Unfortunately, many parents and peers are dealing with the thoughts and circumstances of a very complex grieving system created by the experiencing of many losses that are being dealt with at various levels of severity. Sorting through those issues as a child is virtually impossible. That is exactly why we need to be even more alert to childrens questions and thoughts regarding death and dying, and even loss in general. If a child asks questions or makes descriptive comments about death and dying, the worst thing an adult or peer can do is to not respond or to give an answer that encourages the child to ignore their thoughts and feelings.

The death of a loved one or even a pet, is often times a major "line in the sand" in a child or teens personal history. That pain grips them even tighter because of the inability to know how to express themselves to the one who has died or show them their feelings. This loss cries out to be expressed in some shape or manner. We as caregivers need to be sensitive to this and provide an outlet for them and creative ways for them to experience and learn healthy thought processes about death dying and grief.

Correlating Age to Understanding

One way to develop skills in this area of communication is to correlate their age to their general understanding of life and the world around them. We will look at these five age categories very generally. Please understand that various children and teenagers will grow, mature and comprehend faster or slower than others in same age groupings. These are generalizations of the age group being described. They may vary by age as much as two or three years. Influences, adaptability and environment may play key roles in these variances.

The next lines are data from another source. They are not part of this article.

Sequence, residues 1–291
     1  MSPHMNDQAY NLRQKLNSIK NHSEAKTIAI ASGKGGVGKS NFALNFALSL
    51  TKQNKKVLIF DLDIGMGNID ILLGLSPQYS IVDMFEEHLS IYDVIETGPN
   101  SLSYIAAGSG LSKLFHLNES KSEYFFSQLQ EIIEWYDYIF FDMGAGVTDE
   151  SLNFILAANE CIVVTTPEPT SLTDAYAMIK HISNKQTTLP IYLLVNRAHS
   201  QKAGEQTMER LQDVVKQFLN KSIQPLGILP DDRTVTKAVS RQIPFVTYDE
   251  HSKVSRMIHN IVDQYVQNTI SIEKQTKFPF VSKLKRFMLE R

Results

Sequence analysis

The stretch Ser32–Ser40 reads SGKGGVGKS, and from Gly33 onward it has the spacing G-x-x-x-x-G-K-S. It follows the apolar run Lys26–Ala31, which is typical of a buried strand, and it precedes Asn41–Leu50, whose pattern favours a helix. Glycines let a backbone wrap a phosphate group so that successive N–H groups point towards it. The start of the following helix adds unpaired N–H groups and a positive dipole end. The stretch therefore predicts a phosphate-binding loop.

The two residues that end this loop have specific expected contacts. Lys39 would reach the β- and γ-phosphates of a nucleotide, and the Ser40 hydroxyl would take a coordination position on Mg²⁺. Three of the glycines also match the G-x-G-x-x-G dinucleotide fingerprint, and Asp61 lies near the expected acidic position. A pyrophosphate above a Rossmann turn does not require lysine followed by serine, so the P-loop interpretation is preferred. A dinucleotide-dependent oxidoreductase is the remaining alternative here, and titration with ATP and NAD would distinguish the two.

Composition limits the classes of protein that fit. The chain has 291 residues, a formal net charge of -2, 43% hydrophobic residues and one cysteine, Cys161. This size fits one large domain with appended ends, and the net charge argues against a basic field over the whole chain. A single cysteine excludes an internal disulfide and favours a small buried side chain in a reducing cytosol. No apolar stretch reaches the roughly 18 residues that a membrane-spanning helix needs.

Ages 1-3

Obviously, theses little ones have very little ability to understand death or the fact that dying is inevitable and a normal process of life. Their lives are primarily "need focused. The first noise out of a newborns mouth is a scream or a cry. This is not their way of saying "hello" or "I love you". It is their expression that they want you to fulfill a need that has become apparent to them.

Even though their ability to comprehend the total environment around them has not expanded much during these early years, it is still appropriate to expose them to death and dying situations as need. Sometimes a brief visit to the nursing home to see a family member that is terminally ill, or a few moments at the funeral home during the visitation, will help the child start to develop a healthy psychological foundation of the reality of illness, potential loss and death. Encourage families questioning whether or not to do this, that this experience in minimal increments will indeed a healthy experience for the child.

Sheltering the child from death will only make it harder for them to accept later in life. It is not necessary to explain in detail everything that is going on around them in these various environments of loss and grief. At this age, their limited communication and comprehension will not yield questions that require much detail.

Ages 4-5

During this stage, children will begin to develop a very narrow concept of death. They see life and death more in the light of animation or movement. They may find a dead bird or mouse in the back yard and notice its lack of movement. This may make an impression in their mind that death means that things are motionless or unanimated.